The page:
Fair Trade Certified™ Products
In an attempt to improve the lives of the workers who make our products, in May 2014 we began selling Fair Trade Certified™ apparel. We started small with ten women’s sportswear styles sewn in three factories in India owned by Pratibha Syntex. As of spring 2015, we offer 33 styles–21 made in a Fair Trade Certified sewing facility and 12 made with Fair Trade Certified cotton.
You’ve probably seen the Fair Trade label on some of the products you buy, but may be unclear what it stands for. With clothing, Fair Trade means cotton farmers and apparel factory workers can improve their livelihoods, and you get great products grown and sewn with care.
Fair Trade USA, a nonprofit organization, is the leading third-party certifier of Fair Trade products in North America. The organization first started working with coffee growers in Latin America 15 years ago to help them secure a fair price for their harvests. It has since expanded its program to include a variety of food products, body-care items, spirits and apparel. Patagonia joins more than 800 brands to sell Fair Trade Certified products that have returned some $155 million in premiums to workers.
Fair Trade USA works to improve the lives of farmers and factory workers around the world through trade, not aid. Its market-based approach ensures workers receive fair compensation for their labor, helps to create safe working conditions and safeguards against the use of child labor.
For every Fair Trade Certified item produced for Patagonia, we pay a community-development premium. The money goes into an account controlled by the cooperative of farmers or association of factory workers who decide how best to use it. The funds are designated for social, economic and environmental development projects. For example, cotton farmers may choose to use the money for agricultural improvements, rainwater catchment systems or to build a school or a health clinic. Workers in Fair Trade factories may invest in healthcare for their children, bicycles for easier transit to and from work or a cash bonus.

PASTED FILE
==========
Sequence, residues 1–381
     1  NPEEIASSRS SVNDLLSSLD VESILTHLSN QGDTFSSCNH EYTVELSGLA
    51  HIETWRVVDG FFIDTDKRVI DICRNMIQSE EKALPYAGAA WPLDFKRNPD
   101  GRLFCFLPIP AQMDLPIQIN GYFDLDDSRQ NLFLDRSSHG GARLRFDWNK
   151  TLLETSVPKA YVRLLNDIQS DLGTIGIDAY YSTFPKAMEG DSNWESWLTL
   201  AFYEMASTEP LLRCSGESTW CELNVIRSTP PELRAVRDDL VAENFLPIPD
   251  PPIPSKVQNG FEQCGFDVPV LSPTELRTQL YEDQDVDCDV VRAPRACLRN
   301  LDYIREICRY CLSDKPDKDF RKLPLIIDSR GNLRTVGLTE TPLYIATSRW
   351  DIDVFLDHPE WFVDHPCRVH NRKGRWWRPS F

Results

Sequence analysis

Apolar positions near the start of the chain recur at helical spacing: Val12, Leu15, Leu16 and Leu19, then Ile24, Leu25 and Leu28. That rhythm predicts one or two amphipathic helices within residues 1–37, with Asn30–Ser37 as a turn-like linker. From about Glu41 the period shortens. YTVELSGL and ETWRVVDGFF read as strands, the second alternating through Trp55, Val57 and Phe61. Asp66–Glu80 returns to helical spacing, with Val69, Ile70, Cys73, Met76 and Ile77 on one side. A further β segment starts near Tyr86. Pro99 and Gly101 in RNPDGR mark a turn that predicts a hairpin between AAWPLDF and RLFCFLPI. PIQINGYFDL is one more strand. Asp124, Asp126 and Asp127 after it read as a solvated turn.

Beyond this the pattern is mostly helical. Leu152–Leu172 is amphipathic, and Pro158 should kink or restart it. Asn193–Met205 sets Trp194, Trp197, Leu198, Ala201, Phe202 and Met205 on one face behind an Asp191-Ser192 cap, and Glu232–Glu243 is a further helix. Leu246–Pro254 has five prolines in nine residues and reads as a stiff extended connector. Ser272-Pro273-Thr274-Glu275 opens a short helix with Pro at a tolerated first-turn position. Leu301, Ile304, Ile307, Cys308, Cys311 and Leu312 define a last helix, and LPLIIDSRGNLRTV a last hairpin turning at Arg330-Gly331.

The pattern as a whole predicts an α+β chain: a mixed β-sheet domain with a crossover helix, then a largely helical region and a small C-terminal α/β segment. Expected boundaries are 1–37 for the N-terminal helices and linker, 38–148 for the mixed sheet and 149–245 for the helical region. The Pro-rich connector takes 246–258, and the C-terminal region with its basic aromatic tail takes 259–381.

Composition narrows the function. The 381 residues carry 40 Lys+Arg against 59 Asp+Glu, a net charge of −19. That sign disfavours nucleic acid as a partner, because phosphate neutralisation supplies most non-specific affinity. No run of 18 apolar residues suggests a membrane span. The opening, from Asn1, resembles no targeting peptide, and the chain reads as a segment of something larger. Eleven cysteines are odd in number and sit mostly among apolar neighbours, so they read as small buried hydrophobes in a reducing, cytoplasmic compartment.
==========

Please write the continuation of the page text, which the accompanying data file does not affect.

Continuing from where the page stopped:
All workers in the factories and farms that make our Fair Trade Certified clothing benefit from the funds, whether they work directly on Patagonia products or not. We continue to grow our program and have already added more factories to future seasons.
This initiative is one of several we’re taking to improve the lives of all people who make Patagonia products. As a first step, in early 2013, we also strengthened our code of conduct–which outlines responsible practices for our supply chain–to include a living-wage component and have implemented policies to consider the living-wage rate in our costing formulas. These efforts are part of short-, medium- and long-term strategies to address fair wages in our supply chain.
All of these programs begin to turn our commitment to workers into tangible action, enabling them to choose how they can best improve their lives. We have a long way to go and much to learn. Patagonia is proud to partner with Fair Trade USA and supply chain partners in a program we hope we can build on.